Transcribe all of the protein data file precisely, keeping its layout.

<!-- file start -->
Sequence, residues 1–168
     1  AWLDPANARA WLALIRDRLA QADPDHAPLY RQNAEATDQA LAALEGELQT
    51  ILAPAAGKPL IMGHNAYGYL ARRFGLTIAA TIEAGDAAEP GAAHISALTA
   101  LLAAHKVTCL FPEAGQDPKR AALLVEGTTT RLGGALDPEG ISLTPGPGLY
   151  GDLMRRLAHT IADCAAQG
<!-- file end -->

Sequence, residues 1–168
     1  AWLDPANARA WLALIRDRLA QADPDHAPLY RQNAEATDQA LAALEGELQT
    51  ILAPAAGKPL IMGHNAYGYL ARRFGLTIAA TIEAGDAAEP GAAHISALTA
   101  LLAAHKVTCL FPEAGQDPKR AALLVEGTTT RLGGALDPEG ISLTPGPGLY
   151  GDLMRRLAHT IADCAAQG